San Pedro Sula
San Pedro Sula is Honduras’ second largest city, with more than 1.2 million people living in the urban and surrounding areas. The city is a dangerous place, with gang violence and abject poverty posing serious threats to the development of local children.
SOS Children’s Villages established a presence here in 1974 to protect and support the city’s most vulnerable residents – its children.
Poverty and gang violence are a threat to children
The city of San Pedro Sula is located in the northwest of Honduras and has an urban population of more than 873,000 and over 1.2 million in its metro area.
San Pedro Sula has the dubious honour of having the highest murder rate per capita of any city in the world. The homicide rate has been attributed to rivalry between brutal street gangs and is being combated by officials through Operation Lightning, which involves saturating violent areas with soldiers and police officers.
Natural disaster has gravely affected the lives of the majority of residents in San Pedro Sula, beginning with Hurricane Fifi in 1974, and more recently, powerful Hurricane Mitch in 1998. The city is still feeling the effects of Mitch and has had difficulty rebuilding its banana and manufacturing industries.
The SOS Children’s Village in San Pedro Sula was founded after the devastation of Hurricane Fifi, which left 5,000 dead, more than 60,000 homeless and many children orphaned.
Large numbers of orphans
The population of Honduras is very young, with nearly 40% of residents under the age of 15. These children often face great difficulties in their childhood including gang violence, family dysfunction, poor housing and lack of access to basic social facilities including medical care. Many of the children of San Pedro Sula are also affected by HIV/AIDS and a strong link has been found between the large numbers of orphans and the region’s high prevalence of HIV/AIDS.
Child labour remains a concern in all regions of Honduras. Each year, thousands of young girls leave their families to take up domestic work, making them vulnerable to physical and sexual abuse in their employers’ homes. Many families are desperate for extra income and children from very poor backgrounds seek work in agriculture, selling merchandise or shining shoes and some resort to begging. Child labour deprives these children of the opportunity to get an education and change their futures.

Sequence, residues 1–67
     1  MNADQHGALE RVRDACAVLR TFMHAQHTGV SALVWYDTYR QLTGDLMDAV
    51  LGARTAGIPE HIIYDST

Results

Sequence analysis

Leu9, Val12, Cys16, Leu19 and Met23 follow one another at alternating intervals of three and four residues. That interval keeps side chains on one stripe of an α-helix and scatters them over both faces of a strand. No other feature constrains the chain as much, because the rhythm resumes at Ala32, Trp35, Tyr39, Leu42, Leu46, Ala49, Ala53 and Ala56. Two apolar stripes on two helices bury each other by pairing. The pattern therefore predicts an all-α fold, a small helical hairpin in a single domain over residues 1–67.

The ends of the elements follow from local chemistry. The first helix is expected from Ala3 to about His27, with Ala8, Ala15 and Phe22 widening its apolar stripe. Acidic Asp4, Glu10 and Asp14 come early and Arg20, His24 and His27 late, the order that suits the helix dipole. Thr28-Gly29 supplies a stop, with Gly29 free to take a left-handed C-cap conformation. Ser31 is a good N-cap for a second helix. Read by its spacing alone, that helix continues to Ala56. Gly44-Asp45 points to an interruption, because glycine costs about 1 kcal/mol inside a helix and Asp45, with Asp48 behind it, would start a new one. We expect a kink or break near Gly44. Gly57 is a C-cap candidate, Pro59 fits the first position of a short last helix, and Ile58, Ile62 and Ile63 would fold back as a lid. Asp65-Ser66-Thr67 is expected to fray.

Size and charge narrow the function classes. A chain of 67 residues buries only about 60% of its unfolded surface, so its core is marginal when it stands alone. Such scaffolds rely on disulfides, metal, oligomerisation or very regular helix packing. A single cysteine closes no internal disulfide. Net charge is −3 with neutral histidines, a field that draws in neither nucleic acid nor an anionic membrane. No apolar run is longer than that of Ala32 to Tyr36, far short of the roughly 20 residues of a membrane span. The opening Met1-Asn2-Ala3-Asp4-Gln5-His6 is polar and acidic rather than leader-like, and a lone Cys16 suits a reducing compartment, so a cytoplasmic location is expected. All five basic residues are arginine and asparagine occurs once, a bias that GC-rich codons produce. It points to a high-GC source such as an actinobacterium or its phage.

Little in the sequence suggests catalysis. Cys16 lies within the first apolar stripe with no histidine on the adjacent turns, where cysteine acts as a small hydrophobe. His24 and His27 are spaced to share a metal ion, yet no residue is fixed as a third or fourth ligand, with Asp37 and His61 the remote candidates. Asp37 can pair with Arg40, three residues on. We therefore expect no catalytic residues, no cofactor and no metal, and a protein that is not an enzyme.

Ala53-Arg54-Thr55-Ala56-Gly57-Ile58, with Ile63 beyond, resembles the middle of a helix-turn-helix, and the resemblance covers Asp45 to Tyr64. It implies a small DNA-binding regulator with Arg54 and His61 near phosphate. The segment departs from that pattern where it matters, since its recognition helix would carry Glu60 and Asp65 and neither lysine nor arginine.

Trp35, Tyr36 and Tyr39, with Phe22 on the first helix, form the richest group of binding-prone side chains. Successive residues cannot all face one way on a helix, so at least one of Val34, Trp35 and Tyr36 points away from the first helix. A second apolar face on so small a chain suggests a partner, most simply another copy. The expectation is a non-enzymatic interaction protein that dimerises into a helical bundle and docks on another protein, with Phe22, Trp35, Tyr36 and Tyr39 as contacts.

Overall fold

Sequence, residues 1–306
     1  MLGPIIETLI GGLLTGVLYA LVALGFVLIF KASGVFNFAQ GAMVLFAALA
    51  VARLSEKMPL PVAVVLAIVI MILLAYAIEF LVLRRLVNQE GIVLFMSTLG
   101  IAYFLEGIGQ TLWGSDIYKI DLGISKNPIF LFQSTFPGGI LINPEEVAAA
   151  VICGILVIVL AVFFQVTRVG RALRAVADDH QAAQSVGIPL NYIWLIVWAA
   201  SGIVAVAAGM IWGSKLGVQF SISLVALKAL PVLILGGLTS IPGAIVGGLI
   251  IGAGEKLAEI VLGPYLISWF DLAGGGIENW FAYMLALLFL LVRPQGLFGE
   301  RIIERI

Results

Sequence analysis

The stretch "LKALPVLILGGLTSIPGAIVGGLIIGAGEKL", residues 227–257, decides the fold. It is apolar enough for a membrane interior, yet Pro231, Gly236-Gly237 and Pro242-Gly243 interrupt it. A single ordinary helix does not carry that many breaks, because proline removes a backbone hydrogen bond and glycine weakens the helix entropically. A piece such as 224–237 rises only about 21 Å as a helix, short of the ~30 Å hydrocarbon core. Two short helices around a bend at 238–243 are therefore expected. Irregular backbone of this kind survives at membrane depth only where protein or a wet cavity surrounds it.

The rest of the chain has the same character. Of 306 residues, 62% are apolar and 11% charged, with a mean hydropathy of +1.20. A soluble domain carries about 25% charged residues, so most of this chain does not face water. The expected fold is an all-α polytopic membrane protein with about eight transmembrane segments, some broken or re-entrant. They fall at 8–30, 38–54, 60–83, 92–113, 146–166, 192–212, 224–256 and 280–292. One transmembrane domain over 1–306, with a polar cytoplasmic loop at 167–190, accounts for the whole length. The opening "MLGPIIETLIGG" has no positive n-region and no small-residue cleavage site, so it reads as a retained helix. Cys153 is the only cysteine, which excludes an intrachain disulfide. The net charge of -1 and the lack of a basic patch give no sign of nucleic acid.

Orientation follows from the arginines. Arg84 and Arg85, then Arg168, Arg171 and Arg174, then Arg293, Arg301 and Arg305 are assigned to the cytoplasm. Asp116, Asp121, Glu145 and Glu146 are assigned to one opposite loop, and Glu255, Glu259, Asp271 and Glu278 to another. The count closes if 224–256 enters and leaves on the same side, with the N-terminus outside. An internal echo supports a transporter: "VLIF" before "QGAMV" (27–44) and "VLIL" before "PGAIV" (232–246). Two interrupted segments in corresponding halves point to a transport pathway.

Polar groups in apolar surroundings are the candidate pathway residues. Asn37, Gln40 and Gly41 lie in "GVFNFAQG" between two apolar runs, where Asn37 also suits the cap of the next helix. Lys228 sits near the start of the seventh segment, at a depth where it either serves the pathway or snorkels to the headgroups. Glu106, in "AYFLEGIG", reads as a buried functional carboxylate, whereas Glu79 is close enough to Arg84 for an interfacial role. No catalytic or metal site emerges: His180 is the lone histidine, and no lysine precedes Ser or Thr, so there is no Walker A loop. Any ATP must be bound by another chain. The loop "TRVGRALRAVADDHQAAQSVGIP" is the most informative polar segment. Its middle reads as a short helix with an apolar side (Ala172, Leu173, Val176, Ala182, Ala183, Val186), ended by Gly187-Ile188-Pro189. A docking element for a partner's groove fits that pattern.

Crippling poverty drives children to life on the streets
Poverty is a serious social challenge in San Pedro Sula and crippling hardship is a part of daily life for thousands of local families. Many children abandon their homes because of the conditions of abject poverty and after the capital, Tegucigalpa; San Pedro Sula has the highest rate of children leaving the family home.
In San Pedro Sula it is not unusual for children to be the head of a household at a young age, caring and providing for their siblings. These children a denied the opportunity to get an education and instead must work to support their brothers and sisters.
How are SOS Children helping in San Pedro Sula?
The SOS Children’s Village in San Pedro Sula offers a safe environment to many vulnerable children, providing medical treatment and educational support. For children who are no longer able to live with their parents, our Children's Village provides a stable and loving home, where these children can experience moments of carefree childhood. Our SOS Children grow up alongside their SOS brothers and sisters under the care of an affectionate SOS Mother.
SOS Children attend the local schools with children from families living in the area. This enables the children to make connections and friendships in the wider community from an early age.
When SOS children are ready to move out of the family home, they are supported by the SOS Youth Programme as they continue their higher education or vocational training. Semi-independent girls’ and boys’ accommodation is provided, and the young people live under the guidance of qualified youth workers. They stay in close contact with their SOS Mother and siblings as they make the transition to adulthood.
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